Almost every night, often at multiple times, there will be a television ad for a life insurance product that requires no physical exams. Some life policies have a provision in which if you survive a qualifying period of time, then you get full coverage. If you don’t, then the beneficiaries get the premiums you paid in, and usually with interest that they will have earned. Instead of a physical examination to see if you are healthy, simply living for the next one or two years becomes the exam.
Often, and you need to watch for this in the details (the “fine print”) of your policy, obvious accidents would still be fully covered. If there was a heart attack, for example, that caused you to lose control of your car, and this happened during the qualifying period, then the insurance company might have cause to merely pay the amount of money you paid in, giving this to the beneficiaries. Something in the same set of circumstances where you had an accident and the injuries, say loss of blood, then caused a heart attack, that usually would be ruled an accidental death. In this case, your beneficiaries would most likely get the full face value of your policy, possibly even during the qualifying period. Again, your policy provisions will tell for certain.
Frequently, after you pass the initial qualifying period, then whether you were the proverbial “healthy as a horse” or “sick as a dog” person, the beneficiaries will get the full face amount of your policy. As long as you are paying the premiums on time, or someone paying them for you, then you have insurance, again, under most such policies.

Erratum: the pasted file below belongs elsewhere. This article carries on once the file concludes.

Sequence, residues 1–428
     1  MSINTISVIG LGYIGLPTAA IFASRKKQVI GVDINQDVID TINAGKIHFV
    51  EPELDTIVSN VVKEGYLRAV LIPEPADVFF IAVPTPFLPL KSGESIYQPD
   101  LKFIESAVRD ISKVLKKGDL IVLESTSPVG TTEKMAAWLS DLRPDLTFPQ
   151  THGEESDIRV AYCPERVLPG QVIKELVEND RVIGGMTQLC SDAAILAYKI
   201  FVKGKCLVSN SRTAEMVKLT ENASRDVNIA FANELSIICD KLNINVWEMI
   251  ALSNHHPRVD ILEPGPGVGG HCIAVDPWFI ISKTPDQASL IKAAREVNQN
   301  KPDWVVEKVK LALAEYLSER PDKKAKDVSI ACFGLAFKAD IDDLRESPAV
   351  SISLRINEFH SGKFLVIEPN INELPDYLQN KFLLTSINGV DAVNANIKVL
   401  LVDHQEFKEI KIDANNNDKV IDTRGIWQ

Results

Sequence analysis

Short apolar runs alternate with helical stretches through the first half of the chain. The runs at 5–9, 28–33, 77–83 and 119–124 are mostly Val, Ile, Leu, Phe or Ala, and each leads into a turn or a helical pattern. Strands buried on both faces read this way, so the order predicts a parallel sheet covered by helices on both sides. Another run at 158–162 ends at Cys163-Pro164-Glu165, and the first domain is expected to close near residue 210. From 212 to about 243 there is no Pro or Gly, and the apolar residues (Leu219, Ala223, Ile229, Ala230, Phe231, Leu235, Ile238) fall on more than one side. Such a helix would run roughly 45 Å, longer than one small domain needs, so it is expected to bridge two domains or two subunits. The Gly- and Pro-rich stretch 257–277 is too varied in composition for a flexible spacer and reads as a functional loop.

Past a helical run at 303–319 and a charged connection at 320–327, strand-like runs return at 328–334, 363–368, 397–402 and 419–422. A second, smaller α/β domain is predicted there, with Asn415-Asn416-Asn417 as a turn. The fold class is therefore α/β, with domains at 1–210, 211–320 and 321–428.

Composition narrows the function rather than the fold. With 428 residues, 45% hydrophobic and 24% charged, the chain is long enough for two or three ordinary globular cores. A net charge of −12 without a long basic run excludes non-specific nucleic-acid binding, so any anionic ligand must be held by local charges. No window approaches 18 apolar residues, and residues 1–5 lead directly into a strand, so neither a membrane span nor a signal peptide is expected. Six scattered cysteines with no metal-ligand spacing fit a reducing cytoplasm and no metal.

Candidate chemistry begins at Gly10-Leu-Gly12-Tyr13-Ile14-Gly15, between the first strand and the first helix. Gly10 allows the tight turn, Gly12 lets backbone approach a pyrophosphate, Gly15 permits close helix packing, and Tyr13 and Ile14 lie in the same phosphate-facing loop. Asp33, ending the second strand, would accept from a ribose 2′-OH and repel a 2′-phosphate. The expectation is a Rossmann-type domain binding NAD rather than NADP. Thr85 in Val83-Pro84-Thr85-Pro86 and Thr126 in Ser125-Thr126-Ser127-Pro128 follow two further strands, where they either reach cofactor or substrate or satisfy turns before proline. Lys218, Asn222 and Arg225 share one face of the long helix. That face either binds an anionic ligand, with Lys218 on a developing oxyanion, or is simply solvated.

As with other insurance policies, life insurance has purposes. You may have taken the policy to pay for final expenses, such as your funeral and special wishes. You might have bought the policy as a parting gift. Say you want to help a grandchild, or as a donation to your favorite charity. Some such things may be best kept secret, but others may have distinct interest if you are incapacitated by illness or injury and the premiums go unpaid. So tell someone else not only the what and where of your will and insurance policies, but the way of it, so that your intentions are honored and continued when you are unable to do so yourself.